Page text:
Delegates at Virology Africa 2005, hosted at the Graduate School of Business last week, had a full four-day line-up.
They had, after all, gathered in Cape Town to talk about a rogue's gallery of microorganisms that are doing the rounds in Africa. These include haemorrhagic fever viruses (like the Ebola virus), the coronaviruses behind both the Severe Acute Respiratory Syndrome (SARS) and other respiratory tract infections, the human papilloma viruses (the major cause of cervical cancer) and, of course, the human immunodeficiency virus (HIV).
Conspicuous by its absence, though, was mention of H5N1, the virus that triggered the current outbreak of bird flu in southeast Asia and elsewhere. (Other than what Dr Yuri Pervikov of the World Health Organisation [WHO] could slot it into his half-hour talk on current and future influenza vaccines.)
That wouldn't do, however, so conference organisers decided to slap on an eleventh-hour evening session on bird flu to the programme. The focus of the add-on was on ways to curb the spread of the disease and, should it well become the global pandemic many fear it may, how best to treat those infected.
Dr Robert Breiman, director of the Kenyan-based International Emerging Infections Programme of the US's Centres for Disease Control and Prevention (CDC), and the University of Stellenbosch's Professor Wolfgang Preiser, both at the coalface of Asia's brush with SARS in 2003, listed lessons that they believe Africa should learn from that episode - political will, airtight border controls, travel recommendations, surveillance, warnings of avian die-offs, communication, preparing hospitals for what could come, stockpiling ample supplies of antivirals (difficult), and finding a vaccine (which could take time) and producing plenty of it (also difficult).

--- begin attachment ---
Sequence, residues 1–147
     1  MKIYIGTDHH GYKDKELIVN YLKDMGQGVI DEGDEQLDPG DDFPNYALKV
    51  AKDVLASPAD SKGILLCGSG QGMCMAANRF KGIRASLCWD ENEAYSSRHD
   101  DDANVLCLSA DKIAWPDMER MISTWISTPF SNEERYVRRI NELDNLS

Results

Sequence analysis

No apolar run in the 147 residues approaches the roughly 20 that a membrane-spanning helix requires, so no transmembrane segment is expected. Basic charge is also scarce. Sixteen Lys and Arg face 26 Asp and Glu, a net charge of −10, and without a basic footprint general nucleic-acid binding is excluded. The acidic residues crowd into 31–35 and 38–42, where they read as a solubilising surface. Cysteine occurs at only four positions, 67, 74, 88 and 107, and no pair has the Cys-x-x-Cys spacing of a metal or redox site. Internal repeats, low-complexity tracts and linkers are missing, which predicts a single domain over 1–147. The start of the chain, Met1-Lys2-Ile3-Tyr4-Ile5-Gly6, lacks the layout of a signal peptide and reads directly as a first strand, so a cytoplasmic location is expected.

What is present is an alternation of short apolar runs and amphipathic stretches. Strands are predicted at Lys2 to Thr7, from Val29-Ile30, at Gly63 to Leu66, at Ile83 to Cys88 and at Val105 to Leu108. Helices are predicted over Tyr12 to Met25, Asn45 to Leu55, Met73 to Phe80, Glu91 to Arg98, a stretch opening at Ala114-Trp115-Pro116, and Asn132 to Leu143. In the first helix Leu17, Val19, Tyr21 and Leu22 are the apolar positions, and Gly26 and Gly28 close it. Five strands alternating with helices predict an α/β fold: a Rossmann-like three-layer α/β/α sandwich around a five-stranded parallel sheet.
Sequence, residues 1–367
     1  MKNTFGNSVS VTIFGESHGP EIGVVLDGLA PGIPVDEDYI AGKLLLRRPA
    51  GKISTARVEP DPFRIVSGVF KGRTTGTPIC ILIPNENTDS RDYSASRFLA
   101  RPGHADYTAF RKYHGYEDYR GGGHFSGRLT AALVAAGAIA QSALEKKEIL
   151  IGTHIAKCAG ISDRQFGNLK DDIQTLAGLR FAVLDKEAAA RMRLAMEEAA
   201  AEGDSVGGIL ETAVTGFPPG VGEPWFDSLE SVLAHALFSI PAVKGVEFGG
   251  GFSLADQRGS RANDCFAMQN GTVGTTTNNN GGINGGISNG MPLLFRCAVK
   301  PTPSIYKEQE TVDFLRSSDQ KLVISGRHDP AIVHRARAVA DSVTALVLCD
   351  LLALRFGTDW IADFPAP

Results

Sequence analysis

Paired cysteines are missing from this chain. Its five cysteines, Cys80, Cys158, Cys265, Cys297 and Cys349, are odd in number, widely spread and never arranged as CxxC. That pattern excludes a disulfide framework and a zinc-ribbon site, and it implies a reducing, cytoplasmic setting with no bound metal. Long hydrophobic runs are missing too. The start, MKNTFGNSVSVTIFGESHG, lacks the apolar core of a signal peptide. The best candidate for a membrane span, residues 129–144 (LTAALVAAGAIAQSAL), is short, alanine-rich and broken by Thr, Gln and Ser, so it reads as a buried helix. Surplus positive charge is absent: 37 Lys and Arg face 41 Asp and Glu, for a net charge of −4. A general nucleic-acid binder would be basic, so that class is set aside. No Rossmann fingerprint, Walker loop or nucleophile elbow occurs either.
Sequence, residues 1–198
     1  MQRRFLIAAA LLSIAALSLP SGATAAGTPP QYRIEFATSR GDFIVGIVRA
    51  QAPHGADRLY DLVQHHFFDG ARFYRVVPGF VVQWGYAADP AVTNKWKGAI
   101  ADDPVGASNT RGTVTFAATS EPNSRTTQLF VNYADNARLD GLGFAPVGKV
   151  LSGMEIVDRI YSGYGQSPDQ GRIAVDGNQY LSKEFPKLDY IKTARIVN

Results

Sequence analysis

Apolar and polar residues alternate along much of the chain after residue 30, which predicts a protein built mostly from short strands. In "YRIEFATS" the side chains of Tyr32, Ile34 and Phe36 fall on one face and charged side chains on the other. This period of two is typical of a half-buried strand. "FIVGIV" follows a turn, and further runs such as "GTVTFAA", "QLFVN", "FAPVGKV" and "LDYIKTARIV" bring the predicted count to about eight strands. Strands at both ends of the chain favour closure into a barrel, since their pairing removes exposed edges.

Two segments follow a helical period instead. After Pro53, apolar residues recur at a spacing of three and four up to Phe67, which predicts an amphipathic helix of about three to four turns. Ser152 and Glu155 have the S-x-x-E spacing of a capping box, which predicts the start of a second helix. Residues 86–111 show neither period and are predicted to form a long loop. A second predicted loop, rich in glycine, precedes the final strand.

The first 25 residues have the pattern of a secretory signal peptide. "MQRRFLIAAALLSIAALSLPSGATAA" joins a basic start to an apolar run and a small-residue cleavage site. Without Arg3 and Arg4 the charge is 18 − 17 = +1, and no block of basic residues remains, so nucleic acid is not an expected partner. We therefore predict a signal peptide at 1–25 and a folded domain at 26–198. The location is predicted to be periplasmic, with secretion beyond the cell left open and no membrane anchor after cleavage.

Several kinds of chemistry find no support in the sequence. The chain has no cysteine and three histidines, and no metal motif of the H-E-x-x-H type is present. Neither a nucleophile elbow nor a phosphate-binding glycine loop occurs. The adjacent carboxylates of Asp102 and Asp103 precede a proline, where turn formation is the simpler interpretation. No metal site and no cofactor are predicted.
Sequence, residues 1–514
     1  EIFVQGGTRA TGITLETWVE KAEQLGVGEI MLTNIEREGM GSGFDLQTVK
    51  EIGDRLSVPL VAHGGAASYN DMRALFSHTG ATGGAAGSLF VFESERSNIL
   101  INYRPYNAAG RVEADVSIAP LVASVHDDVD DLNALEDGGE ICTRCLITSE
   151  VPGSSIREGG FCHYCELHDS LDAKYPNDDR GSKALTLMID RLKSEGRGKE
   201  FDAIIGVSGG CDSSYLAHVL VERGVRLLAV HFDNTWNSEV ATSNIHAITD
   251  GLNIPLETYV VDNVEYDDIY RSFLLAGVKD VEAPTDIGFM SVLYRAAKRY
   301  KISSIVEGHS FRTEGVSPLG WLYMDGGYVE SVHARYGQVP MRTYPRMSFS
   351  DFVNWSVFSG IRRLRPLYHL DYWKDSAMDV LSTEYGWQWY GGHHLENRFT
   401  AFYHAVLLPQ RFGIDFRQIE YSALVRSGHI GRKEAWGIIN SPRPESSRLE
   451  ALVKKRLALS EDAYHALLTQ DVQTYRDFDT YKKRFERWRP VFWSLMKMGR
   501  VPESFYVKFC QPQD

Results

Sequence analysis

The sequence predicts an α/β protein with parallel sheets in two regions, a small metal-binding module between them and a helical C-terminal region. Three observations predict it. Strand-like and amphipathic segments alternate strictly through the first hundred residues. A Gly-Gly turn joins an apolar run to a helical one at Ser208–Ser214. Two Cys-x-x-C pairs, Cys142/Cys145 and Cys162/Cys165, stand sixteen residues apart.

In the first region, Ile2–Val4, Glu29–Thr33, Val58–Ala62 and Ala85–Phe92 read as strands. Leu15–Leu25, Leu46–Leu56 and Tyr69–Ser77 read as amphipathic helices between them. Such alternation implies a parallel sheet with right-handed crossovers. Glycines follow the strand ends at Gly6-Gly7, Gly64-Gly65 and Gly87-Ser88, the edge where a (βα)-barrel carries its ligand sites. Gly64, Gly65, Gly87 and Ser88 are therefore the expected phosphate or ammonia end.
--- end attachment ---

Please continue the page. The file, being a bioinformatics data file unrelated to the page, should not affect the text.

Things are happening in South Africa, however. According to Dr James Kitching of the Western Cape Provincial Veterinary Laboratory, both ostriches and commercial backyard poultry, as well as some migratory birds, are being monitored and tested.
Worries about Africa's capacity to cope with the possible pandemic remain, though. And many of the concerns raised at the meeting echoed those heard elsewhere around the world, be it resource-strapped Asia or cash-flush US - not enough labs to run diagnostics, not enough trained staff, not enough respirators and ventilators, not enough of the right protective kit, not enough money.
The problem, said Professor Barry Schoub of South Africa's National Institute for Communicable Diseases (NICD), is that governments are loathe to lay out billions on a pandemic that may not happen. "It's really a threat more than a disease." That doesn't mean the politicians can let the grass grow under their feet, though. According to scientists, pandemics come along in 10- to 50-year cycles, and humanity is about due another big one.
"I don't think the efforts will be wasted even if the pandemic doesn't appear right away," said Breiman.
For some diseases, tomorrow is always another day.
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